The Bluff of the Century
Chris Moneymaker has the perfect name for a poker player, and when it mattered most, he had the perfect poker face too. Playing heads-up for the 2003 world title, and the $2.5 million that went along with it for first place, the then unknown Tennessee accountant pulled off one of the most monumental bluffs in World Series of Poker history.
It was memorable, and it shifted the tide of the championship. Staring down the vastly more experienced Sammy Farha, a WSOP bracelet winner and high-stakes cash game legend, the 27-year old Moneymaker bluffed “All-In” on the river with only King-high and somehow managed to get Farha to toss his stronger hand, a top pair of nines’, into the muck. ESPN commentator Norman Chad couldn’t contain himself in the booth, calling it the “Bluff of the Century.” Here is a video of The Chip Race breaking down the experience:
In Canada, we’d call it the ‘TSN Turning Point’, because the risk was certainly worth the reward. It changed the entire complexion of the contest, and gave Moneymaker all the momentum. A short time later, he was crowned world champion. He pulled off a perfectly executed bluff at the most opportune time and the rest, they say, is history.
“It’s become a lot harder for me since I won the World Series,” he admitted years later on the issue of bluffing, “because everyone wants to beat me, and there’s always someone who will call on the off-chance that they’ll then be able to say they read a world champion’s bluff.”
So, what happens when you attempt a bluff? Yes, you apply pressure to those around you, but conversely you begin to feel the pressure yourself. Your money is in the middle and your hand is terrible. It’s a bluff. Most players, even at the higher stakes, will experience the uneasiness of potentially being found and called out. Your blood pressure will rise, you will breathe heavier, your veins will pulse, your hands will sweat and fidget, and any facial ticks will clearly present themselves. It’s an awful feeling. So bad, you may not even be able to look at your opponent due to a guilty conscience. You are lying about your hand after all. Bluffing is not easy.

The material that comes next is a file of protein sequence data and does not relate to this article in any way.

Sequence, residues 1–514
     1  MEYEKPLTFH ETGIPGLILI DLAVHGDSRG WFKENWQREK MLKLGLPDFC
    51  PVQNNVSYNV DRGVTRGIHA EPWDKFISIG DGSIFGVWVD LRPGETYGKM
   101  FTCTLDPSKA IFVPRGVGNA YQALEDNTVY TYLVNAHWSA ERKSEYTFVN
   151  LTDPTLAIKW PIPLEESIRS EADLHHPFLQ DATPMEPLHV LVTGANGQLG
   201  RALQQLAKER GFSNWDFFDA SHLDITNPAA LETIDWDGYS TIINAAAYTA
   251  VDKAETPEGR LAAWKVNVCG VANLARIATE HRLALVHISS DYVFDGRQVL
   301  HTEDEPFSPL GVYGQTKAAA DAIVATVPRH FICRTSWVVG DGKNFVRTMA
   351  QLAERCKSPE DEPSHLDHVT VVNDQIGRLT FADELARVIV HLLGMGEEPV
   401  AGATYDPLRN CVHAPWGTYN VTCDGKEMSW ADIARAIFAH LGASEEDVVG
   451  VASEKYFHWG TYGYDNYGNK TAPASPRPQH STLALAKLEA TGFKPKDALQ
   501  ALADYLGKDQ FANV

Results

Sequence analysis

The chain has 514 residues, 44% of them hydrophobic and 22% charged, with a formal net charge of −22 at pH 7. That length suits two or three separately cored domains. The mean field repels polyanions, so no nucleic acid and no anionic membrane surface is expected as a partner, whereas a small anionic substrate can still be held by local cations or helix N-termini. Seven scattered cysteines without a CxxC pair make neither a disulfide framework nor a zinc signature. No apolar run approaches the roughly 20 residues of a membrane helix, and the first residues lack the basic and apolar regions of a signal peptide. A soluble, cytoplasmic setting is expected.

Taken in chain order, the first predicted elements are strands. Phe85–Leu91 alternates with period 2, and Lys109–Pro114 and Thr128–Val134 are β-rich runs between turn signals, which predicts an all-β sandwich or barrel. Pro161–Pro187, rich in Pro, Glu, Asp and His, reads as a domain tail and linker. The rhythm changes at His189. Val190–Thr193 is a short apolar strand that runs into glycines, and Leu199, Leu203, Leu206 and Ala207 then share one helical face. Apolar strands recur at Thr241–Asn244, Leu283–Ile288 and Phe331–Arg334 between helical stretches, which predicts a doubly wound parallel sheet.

It’s hard to tell exactly what attributes lead to a good poker face, everybody has their own unique expressions. But generally speaking, it means not expressing positive or negative reactions to the game. You don’t want to give away the strength of your hand, or lack thereof, by the look on your face. This is easier said than done, especially when tensions are high. You’re bluffing, and there is a bunch of money on the line. Challenge yourself in these tough spots to remain calm, cool and composed and relax your face. You will improve with experience.
The Stare & Glare Bluff
If Nike was into poker, it might run an ad featuring the catch phrase, “Be like Mike.”. No, not Michael Jordan, the basketball superstar, but Canadian Mike McDonald, the poker prodigy from Waterloo, Ontario. Obsessed with poker from youth, the man known as ’Timex’ started building his bankroll by scoring some massive wins online. Before he could even legally play, he was sitting on six-figures by the tender age of 16. As an 18-year old, he became the youngest person ever to win on the European Poker Tour, after taking down the EPT’s German Open for $1.3 million. Fast forward to the present, and McDonald has amassed more than $13 million in live tournament earnings.